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'Americans and the Holocaust' Traveling Exhibition Coming to U of A Libraries – University of Arkansas Newswire

Mullins Library, the centerpiece of the University of Arkansas Libraries, is one of 50 U.S. libraries that have been selected to host Americans and the Holocaust, a traveling exhibition from the U.S. Holocaust Memorial Museum that examines the motives, pressures and fears that shaped Americans’ responses to Nazism, war and genocide in Europe during the 1930s and 1940sThe touring library exhibition — based on the special exhibition of the same name at the Holocaust Museum in Washington, D.C. — will travel to U.S. libraries from 2020 to 2022.
"We are privileged to be selected from more than 250 applying entities to host this important and powerful exhibition,” said Jason Battles, dean of University Libraries. “We encourage community members to come explore it, and we’re excited to be partnering with our colleagues at the Pryor Center and Fayetteville Public Library in hosting associated events. I am certain that it will be an impactful experience for those that engage with the exhibition."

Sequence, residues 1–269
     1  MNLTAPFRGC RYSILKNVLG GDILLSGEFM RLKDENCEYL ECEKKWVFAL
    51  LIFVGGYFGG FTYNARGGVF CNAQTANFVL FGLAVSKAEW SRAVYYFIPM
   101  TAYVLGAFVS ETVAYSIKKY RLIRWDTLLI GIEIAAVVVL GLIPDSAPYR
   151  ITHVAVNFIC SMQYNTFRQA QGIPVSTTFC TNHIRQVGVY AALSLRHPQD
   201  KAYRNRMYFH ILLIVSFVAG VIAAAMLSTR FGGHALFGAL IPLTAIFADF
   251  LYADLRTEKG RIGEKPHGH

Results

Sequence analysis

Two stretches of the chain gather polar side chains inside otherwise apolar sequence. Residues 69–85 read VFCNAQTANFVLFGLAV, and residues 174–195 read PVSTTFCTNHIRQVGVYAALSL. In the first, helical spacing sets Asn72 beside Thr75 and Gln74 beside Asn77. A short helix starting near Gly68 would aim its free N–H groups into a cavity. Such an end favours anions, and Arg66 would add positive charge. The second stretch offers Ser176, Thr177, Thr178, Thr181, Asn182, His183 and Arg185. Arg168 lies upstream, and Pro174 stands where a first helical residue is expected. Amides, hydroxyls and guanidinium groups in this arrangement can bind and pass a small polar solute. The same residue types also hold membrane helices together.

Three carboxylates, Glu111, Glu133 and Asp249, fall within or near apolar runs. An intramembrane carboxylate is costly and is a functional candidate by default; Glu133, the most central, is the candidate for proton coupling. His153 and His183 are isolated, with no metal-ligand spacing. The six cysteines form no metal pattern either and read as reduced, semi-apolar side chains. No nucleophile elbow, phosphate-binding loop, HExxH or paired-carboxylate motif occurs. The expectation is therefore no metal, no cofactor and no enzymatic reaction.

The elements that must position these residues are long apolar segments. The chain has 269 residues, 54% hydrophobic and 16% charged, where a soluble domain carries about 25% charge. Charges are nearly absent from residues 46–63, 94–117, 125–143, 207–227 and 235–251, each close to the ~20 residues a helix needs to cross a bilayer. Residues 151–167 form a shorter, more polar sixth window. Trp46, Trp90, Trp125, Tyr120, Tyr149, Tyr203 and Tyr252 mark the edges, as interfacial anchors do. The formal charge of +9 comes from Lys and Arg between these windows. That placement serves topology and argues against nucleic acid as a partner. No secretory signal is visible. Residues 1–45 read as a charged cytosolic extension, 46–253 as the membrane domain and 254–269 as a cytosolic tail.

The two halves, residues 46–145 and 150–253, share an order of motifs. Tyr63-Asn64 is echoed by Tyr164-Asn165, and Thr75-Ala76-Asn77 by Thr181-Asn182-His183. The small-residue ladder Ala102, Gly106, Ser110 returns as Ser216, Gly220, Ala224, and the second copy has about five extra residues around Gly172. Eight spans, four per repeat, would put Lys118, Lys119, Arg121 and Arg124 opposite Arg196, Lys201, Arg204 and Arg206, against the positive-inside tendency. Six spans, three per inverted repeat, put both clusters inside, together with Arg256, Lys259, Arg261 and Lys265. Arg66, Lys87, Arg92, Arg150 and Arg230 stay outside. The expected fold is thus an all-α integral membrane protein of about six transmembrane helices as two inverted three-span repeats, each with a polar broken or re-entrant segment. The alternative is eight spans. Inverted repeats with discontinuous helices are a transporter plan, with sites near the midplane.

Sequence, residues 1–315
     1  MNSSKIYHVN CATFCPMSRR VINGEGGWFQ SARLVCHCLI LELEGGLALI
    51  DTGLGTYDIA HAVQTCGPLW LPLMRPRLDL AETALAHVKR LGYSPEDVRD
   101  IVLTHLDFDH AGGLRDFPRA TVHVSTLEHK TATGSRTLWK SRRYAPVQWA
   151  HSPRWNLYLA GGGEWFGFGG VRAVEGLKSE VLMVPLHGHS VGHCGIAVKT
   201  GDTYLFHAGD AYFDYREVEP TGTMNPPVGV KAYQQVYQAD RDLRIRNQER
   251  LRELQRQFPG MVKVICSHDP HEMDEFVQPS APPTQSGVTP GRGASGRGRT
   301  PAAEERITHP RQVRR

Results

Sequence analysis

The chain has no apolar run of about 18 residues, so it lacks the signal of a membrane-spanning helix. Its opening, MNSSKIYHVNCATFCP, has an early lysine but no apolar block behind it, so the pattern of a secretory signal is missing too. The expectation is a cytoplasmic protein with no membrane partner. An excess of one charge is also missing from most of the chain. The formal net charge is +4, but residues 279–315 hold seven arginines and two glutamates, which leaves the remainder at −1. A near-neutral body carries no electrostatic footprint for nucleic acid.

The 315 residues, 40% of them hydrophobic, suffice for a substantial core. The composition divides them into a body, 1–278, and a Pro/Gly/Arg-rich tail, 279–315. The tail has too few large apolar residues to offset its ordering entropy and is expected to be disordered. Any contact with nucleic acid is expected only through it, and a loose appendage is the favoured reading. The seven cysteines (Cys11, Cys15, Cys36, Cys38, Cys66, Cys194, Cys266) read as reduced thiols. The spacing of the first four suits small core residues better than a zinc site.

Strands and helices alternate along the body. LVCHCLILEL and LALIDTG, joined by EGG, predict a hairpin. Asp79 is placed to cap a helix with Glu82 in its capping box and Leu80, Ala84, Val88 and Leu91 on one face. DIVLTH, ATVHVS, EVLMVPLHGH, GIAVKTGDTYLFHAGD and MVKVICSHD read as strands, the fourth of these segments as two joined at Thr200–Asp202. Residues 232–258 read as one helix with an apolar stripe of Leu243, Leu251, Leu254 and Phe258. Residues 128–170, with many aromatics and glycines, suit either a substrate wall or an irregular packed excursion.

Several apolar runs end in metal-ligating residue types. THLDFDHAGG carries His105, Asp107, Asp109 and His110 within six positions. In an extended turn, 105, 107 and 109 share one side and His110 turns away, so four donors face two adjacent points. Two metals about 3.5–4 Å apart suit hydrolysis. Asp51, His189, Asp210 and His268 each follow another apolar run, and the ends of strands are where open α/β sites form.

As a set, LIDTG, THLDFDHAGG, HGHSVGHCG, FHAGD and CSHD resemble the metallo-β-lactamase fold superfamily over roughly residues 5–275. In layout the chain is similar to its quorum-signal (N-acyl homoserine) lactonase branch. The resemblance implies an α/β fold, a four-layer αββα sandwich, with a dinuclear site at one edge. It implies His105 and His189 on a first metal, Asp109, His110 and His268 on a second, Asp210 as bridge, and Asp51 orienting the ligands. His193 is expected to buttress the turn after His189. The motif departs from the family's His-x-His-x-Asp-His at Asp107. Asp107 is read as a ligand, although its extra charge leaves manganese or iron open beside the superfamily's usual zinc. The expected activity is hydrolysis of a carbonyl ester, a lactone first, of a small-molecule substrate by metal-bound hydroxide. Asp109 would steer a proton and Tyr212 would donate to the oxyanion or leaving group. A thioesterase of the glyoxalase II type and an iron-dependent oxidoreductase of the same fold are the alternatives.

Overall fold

Americans and the Holocaust will be on display in Mullins Library, along with a series of related special events, from Nov. 10 to Dec. 11. 
Based on extensive new research of that period, Americans and the Holocaust addresses important themes in American history, exploring the many factors — including the Great Depression, isolationism, xenophobia, racism and antisemitism — that influenced decisions made by the U.S. government, the news media, organizations and individuals as they responded to Nazism. This exhibition will challenge the commonly held assumptions that Americans knew little and did nothing about the Nazi persecution and murder of Jews as the Holocaust unfolded.